Sting ray is one of my favorite fish. But it has to be really fresh. Needless to mention, the ray we were served was exactly that. It was cooked in an assam sauce, which I did not find to be great. It was like an over spiced and over-soured tomato ketchup. But never mind the "small" hitch. The ray was great. Rarely do we find sting ray this fresh. Everything else is forgiven.

The fish we had steamed was a snapper. It was done in the same soy sauce as in the mantis prawns. Again, we enjoyed the freshness of the fish. 

For vege, we had the sei tai theen wong (四大天王). It was a combo of 4 vegetables - okra (ladies' finger), long beans, brinjal and four-angled beans (aka wing beans) - fried in a sambal.

The last dish would perhaps be best taken at the start of the meal. It was a thick tofu soup (豆腐羹). But it did not arrive until we had finished our meal. Perhaps they forgot. So we had to have it as "dessert". And it turned out to be a disaster of sort. This thick soup is usually taken with some black vinegar. And so we did. The soup wasn't bad at all. It was sweet and rich and in it were generous bits of prawns and other seafood. When we were almost done, my sharp eyed nephew noticed some foreign objects in the bottle of vinegar. They were some tiny maggots that were barely visible to the naked eyes. By then it was too late for me. I had already downed my bowl of the soup with a good dose of the vinegar. We summoned the head waitress. She apologized profusely and waved the price of the soup. Fortunately nothing happened to me. I became the living proof that vinegar pickled maggots are ok for human consumption.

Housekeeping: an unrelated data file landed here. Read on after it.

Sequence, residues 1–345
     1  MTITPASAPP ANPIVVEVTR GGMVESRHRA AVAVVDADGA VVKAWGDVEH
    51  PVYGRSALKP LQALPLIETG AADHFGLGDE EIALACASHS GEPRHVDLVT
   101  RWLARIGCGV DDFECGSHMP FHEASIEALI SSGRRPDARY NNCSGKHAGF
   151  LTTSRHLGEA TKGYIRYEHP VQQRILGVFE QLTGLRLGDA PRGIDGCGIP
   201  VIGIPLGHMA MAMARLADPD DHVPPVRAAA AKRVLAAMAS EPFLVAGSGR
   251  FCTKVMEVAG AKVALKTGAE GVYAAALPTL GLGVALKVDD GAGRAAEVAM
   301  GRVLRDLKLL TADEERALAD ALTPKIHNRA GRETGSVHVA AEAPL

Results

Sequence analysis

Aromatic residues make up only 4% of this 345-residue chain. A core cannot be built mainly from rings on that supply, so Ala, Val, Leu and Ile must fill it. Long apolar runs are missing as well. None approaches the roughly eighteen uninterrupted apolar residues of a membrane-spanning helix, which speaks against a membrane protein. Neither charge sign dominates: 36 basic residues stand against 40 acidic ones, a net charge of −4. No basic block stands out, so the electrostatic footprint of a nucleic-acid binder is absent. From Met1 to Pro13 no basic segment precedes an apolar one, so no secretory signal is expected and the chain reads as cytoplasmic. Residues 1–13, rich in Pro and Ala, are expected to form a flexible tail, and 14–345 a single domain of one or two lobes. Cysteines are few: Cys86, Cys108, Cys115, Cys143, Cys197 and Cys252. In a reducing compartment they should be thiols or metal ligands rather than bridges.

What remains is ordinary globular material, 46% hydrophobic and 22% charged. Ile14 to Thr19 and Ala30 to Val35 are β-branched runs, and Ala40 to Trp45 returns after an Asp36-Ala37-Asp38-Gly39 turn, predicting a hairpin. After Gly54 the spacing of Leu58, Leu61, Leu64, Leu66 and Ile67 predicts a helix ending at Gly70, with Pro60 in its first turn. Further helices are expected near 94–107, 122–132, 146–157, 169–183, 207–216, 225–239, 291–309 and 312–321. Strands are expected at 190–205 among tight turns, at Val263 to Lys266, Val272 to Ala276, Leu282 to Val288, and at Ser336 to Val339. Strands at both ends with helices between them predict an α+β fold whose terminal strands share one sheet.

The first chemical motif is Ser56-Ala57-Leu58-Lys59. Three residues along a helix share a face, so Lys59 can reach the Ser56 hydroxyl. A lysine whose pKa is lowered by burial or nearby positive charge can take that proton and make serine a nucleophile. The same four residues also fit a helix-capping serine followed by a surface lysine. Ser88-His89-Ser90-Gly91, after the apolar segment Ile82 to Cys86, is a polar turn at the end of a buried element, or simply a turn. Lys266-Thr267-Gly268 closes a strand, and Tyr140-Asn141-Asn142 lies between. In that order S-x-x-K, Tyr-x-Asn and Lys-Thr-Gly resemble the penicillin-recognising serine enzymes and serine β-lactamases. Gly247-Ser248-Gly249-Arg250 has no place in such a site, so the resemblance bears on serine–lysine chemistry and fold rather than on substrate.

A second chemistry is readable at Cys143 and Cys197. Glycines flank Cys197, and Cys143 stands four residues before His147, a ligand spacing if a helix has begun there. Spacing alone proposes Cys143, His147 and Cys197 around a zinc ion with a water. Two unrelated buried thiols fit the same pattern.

This is the cap of the vinegar bottle. If your eye sight is as good as my nephew, you can see a couple of the yucky vermin.

After makan, we headed off to buy some fresh fish. We came prepared with our ice boxes. Just next to the restaurant is a fish monger. 

I found the place very worthwhile. The fish they vend were all fresh from the boats and they were very reasonably priced.

They also sell frozen seafood and various dried stuffs.

They even clean the fish for you.

We filled our ice boxes and headed to the Pasir Penambang wet market to browse further.

There, the choices were more. But the prices were considerably higher and I do not think the fish here were as fresh as the ones we bought earlier. Still we added into our ice boxes and headed contentedly home.

It was a fantastic Sunday outing. There was our second trip to a coastal small town for seafood makan and fresh fish. The previous was to Sekinchan. Of the two, I most definitely prefer Kuala Selangor. To start with, it is nearer. And the choice of restaurants is a lot more. I told myself I would be back. And indeed I was....